Because of this change, I want to raise a very serious question:  Can we today afford the luxury of having “a” reality?  Can we still preserve the belief that there is a “real world” upon whose definition we all agree?  I am convinced that this is a luxury we cannot afford, a myth we dare not maintain.  Only once in recent history has this been fully and successfully achieved.  Millions of people were in complete agreement as to the nature of social and cultural reality-- agreement brought about by the mesmerizing influence of Hitler.  This agreement about reality nearly marked the destruction of Western culture.  I do not see it as something to be emulated.

In Western culture during this century-- especially in the United States-- there has also been an agreed-upon reality of values.  This gospel can be stated very briefly:  “More is better, bigger is better, faster is better, and modern technology will achieve all three of these eminently desirable goals.”  But now that credo is a crumbling disaster in which few believe.  It is dissolving in the smog of pollution, the famine of overpopulation, the Damocles’ sword of the nuclear bomb.  We have so successfully achieved the goal of “a bigger bang for a buck” that we are in danger of destroying all life on this planet.

Our attempts, then, to live in the “real world” which all perceive in the same way have, in my opinion, led us to the brink of annihilation as a species.  I will be so bold as to suggest an alternative.

It appears to me that the way of the future must be to base our lives and our education on the assumption that there are as many realities as there are persons, and that our highest priority is to accept that hypothesis and proceed from there.  Proceed where?  Proceed, each of us, to explore open-mindedly the many, many perceptions of reality that exist.  We would, I believe, enrich our own lives in the process.  We would also become more able to cope with the reality in which each one of us exists, because, we would be aware of many more options.  This might well be a life full of perplexity and difficult choices, demanding greater maturity, but it would be an exciting and adventurous life.

The question may well be raised, however, whether we could have a community or a society based on this hypothesis of multiple realities.  Might not such a community be a completely individualistic anarchy?  That is not my opinion.  Suppose my grudging tolerance of your separate world view became a full acceptance of you and your right to have such a view.  Suppose that instead of shutting out the realities of others as absurd or dangerous or heretical or stupid, I was willing to explore and learn about those realities?  Suppose you were willing to do the same.  What would be the social result?  I think that our society would be based not on a blind commitment to a cause or creed or view of reality, but on a common commitment to each other as rightfully separate persons, with separate realities.  The natural human tendency to care for another would no longer be “I care for you because you are the same as I,” but instead “I prize and treasure you because you are different from me.”

 If you have read much of this blog you will probably recognize from the first paragraph of this quote that I am very sympathetic to at least some of what Rogers is saying here.  Two criticisms that I have, however, are worth mentioning.  First, I think Rogers moves too quickly from epistemology to metaphysics.  I agree with his assessment of the human condition in so far as we are able to "know" reality, but I'm not sure this means what he takes it to mean concerning whether or not there "is" a reality.  Second, I think Rogers is too idealistic.  I share his desire for a world of peace and tolerance, but I'm not sure its attainable by the human means he outlines.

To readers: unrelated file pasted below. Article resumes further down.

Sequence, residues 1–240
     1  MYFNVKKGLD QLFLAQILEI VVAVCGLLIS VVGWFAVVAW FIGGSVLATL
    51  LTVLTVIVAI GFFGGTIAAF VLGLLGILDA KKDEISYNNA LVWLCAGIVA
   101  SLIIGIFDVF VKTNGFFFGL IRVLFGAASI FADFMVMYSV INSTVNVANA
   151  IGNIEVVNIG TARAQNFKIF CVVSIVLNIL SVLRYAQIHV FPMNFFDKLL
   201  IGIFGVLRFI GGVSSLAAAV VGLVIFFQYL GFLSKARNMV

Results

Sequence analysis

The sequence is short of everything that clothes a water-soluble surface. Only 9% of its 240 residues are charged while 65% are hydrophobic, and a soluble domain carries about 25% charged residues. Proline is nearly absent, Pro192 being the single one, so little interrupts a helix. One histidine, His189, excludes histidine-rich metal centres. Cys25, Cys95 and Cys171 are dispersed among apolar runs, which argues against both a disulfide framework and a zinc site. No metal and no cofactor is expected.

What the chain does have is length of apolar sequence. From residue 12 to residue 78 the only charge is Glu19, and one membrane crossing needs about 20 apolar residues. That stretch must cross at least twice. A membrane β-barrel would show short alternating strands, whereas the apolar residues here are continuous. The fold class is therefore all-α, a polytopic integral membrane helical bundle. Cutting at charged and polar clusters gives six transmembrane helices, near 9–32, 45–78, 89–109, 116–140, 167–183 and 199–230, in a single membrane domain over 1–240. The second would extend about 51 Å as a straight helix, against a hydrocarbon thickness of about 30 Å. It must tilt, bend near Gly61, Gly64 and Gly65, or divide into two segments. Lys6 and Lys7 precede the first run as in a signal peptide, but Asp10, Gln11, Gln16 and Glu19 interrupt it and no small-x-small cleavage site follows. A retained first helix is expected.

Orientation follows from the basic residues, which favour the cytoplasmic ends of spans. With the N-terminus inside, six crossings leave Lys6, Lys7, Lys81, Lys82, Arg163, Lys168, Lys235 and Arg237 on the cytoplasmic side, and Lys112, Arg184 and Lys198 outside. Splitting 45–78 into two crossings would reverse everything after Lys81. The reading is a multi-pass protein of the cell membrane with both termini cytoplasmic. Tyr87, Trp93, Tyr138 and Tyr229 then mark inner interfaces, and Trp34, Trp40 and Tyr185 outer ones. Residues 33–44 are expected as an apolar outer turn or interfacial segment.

That's all the assessment I'm giving here.  Want to hear what others think.  Enjoy!

Friday, February 10, 2012

Faith, History, and Eschatology

Just finished reading The Myth of the Eternal Return by Mircea Eliade, thought I would share some sections of the book here.  This is not meant to be a summary of the book’s main argument, I’m intentionally focusing in on a few things that I found particularly interesting.
The book is dealing with ancient/ “primitive”/ “archaic” understandings of humanity’s relationship with metaphysical concepts like “reality” or “being” or “time.”  To give you a little background:
The metaphysical concepts of the archaic world were not always formulated in theoretical language; but the symbol, the myth, the rite, express, on different planes and through the means proper to them, a complex system of coherent affirmations about the ultimate reality of things, a system that can be regarded as constituting a metaphysics.  - 3
In other words, religious myths and religious actions were a major locus of how such concepts were understood in the ancient world.  
[On the] “primitive” ontological conception: an object or an act becomes real only insofar as it imitates or repeats an archetype.  Thus, reality is acquired solely through repetition or participation; everything which lacks an exemplary model is “meaningless,” i.e., it lacks reality...  Hence it could be said that this “primitive” ontology has a Platonic structure. - 34
Insofar as an act (or an object) acquires a certain reality through the repetition of certain paradigmatic gestures, and acquires it through that alone, there is an implicit abolition of profane time, of duration, of “history”; and he who reproduces the exemplary gesture thus finds himself transported into the mythical epoch in which its revelation took place. - 35
Essentially, Eliade argues that for the ancient world a kind of dualism pervaded their philosophy in which that which was truly real was that which could escape the changing flow of time.  This was enacted through the retelling of religious myths, which were timeless, and the participation in religious rituals, through which Eliade writes “[ancient man] repeats the gestures of another and, through this repetition, lives always in an atemporal present.” - 86
For contrast, take a modern view of time and history as exemplified by Hegel:
For Hegel, history is “free” and always “new,” it does not repeat itself; nevertheless, it conforms to the plans of providence; hence it has a model (ideal, but none the less a model) in the dialectic of spirit itself.  To this history which does not repeat itself, Hegel opposes nature, in which things are reproduced ad infinitum. - 90
And now for the really interesting bit, contrast both these models with Eliade’s interpretation of the relationship with time and reality in ancient Hebrew thought: